Your body requires consistency, so forming a routine can be useful in supporting a healthy sleeping pattern. Going to bed and waking up around the same time each day, for instance, can condition your body to wake up at the correct time. Building up a routine may also help you in finishing up your day’s work quickly, and go to sleep early for rest.
Cognitive behavioural therapy for insomnia (CBT-I), a specialised form of therapy for dealing with insomnia, can help you change your sleeping habits and establish a sleeping routine that allows you to feel ready for sleep.
Exercising regularly during the day can help in exhausting your excessive energy and condition your body to be prepared for a peaceful night’s sleep. It’s best to avoid exercising late at night, as for many people, the associated increase in core body temperature and heart rate can make it difficult to sleep (I’ve personally found this to be the case).
Keep Your Body Cool
To sleep well, you want to keep your body cool, as sleep onset and deep sleep is associated with a drop in core body temperature. You can do this in a variety of ways. One way is to keep your room cool, so if it’s hot outside, this might involve turning the heating off, keeping the windows open, or having a fan or air conditioning.
You can also keep your body cool by using a thinner duvet (or having different layers, so you can adjust based on your needs), as well as by taking a warm or hot shower/bath before bed. This last piece of advice may seem counterintuitive (shouldn’t you take a cold shower if you want to cool your body down?) But as Walker explains in the podcast interview with Joe Rogan, when you take a hot bath, you bring the heat from the core of your body to the surface, cooling your core body temperature in the process (I’ve personally discovered that this works impressively well to feel cooler, like on a hot summer’s evening, for example).
Accepting my insomnia has helped massively in coping with it – and this mindset also – strangely enough – makes it so much easier to fall asleep. Acceptance here doesn’t mean a lack of care about insomnia; it means letting go of all the mental baggage that usually goes along with it: attachment to the desire for sleep and the endless worries related to not sleeping (i.e. the effects on your mental and physical health, struggling to function, not being on your best form around others, and so on).
When I calmly and simply recognise that I can’t sleep, a lot of the thoughts that keep me up (those related to insomnia, of course) go away, leaving me with just the feeling of wakefulness. Yet with so much of the mental baggage unloaded through the act of acceptance, wakefulness soon naturally changes into a soporific feeling and then – assuming I don’t then get hopeful about sleeping, as this can reignite anxiety – I can finally fall asleep.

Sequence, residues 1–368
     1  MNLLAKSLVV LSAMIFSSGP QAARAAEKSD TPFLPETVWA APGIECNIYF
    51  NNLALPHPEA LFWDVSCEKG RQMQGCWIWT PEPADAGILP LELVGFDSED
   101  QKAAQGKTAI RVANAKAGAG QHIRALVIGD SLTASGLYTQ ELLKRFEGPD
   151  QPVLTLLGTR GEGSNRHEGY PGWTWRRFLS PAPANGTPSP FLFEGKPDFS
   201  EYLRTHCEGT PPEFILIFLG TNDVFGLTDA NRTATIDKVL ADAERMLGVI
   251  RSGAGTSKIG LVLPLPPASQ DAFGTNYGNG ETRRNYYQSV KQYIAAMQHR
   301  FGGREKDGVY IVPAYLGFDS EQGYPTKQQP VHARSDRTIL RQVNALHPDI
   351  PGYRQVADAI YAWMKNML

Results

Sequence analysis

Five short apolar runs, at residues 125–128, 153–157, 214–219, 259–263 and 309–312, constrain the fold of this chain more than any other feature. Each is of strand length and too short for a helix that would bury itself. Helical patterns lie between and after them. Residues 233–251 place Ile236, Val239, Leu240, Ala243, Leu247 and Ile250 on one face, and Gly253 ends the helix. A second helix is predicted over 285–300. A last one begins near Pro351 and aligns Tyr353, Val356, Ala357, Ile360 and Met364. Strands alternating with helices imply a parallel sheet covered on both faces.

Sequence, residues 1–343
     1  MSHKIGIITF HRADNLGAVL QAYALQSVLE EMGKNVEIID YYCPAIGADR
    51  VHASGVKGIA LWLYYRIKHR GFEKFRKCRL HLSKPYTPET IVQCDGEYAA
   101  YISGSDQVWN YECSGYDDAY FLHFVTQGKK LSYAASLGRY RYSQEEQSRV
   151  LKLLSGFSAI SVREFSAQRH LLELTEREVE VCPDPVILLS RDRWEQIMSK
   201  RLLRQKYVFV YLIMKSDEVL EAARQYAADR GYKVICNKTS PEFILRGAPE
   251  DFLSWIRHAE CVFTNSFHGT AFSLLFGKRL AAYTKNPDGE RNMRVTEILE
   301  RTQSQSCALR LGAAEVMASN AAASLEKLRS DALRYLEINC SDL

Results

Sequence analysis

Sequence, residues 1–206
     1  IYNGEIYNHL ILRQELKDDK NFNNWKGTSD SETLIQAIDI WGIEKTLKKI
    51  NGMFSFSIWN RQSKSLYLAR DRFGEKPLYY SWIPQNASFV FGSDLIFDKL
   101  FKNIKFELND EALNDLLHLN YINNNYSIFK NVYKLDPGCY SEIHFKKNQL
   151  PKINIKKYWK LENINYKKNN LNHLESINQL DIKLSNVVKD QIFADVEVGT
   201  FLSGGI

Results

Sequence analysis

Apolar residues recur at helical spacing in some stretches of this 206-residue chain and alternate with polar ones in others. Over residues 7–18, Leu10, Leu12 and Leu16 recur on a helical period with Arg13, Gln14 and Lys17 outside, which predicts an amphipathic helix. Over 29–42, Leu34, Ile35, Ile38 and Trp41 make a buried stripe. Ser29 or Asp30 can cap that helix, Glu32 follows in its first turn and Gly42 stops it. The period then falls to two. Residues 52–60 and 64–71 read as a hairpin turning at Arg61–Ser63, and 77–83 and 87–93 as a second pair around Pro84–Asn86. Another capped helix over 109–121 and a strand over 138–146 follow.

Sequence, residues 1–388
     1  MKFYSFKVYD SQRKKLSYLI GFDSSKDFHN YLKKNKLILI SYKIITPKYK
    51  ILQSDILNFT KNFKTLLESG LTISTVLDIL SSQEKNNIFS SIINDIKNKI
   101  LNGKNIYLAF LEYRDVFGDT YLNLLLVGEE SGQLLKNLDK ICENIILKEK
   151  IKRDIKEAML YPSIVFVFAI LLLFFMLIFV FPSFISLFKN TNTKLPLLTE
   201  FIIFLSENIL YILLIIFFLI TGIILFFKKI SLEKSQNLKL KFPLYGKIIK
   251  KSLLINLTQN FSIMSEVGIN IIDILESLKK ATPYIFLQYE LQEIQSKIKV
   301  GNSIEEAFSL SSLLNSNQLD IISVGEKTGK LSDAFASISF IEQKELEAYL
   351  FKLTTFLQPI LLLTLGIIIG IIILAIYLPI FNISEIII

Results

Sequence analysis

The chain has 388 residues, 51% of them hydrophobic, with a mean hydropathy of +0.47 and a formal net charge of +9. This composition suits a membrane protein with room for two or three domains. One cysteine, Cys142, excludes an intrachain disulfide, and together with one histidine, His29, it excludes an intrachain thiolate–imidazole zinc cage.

It’s worth underscoring that, for many people, insomnia is a chronic and severe condition that can really feel out of control and seem to be immune to lifestyle changes. This sometimes calls for medication or some type of therapy suited to the thoughts and feelings that keep you awake. When it comes to pills, especially benzodiazepines (e.g. Valium), these can be a highly effective short-term solution to insomnia, but in the long-term, they can be risky, as they can carry a high risk of both physical and psychological addiction. Then you not only still have insomnia (which will make a resurgence once you reduce or stop taking the medication) and an addiction to contend with.
A long-term solution involves practising good sleep hygiene, which may feature many of the techniques mentioned in this article. Insomnia may feel like an obstacle that’s impossible to overcome. For me, it always feels like that at the time, but I know it always passes. It’s crucial, however, to also be prepared to deal with insomnia if and when it arises again. Reminding yourself that insomnia will pass is a relief, but this doesn’t mean you can’t do anything to overcome insomnia in the moment. By adopting as many sleep-friendly practices as possible, you will give yourself the best chance of falling asleep, staying asleep, and feeling refreshed when you wake up.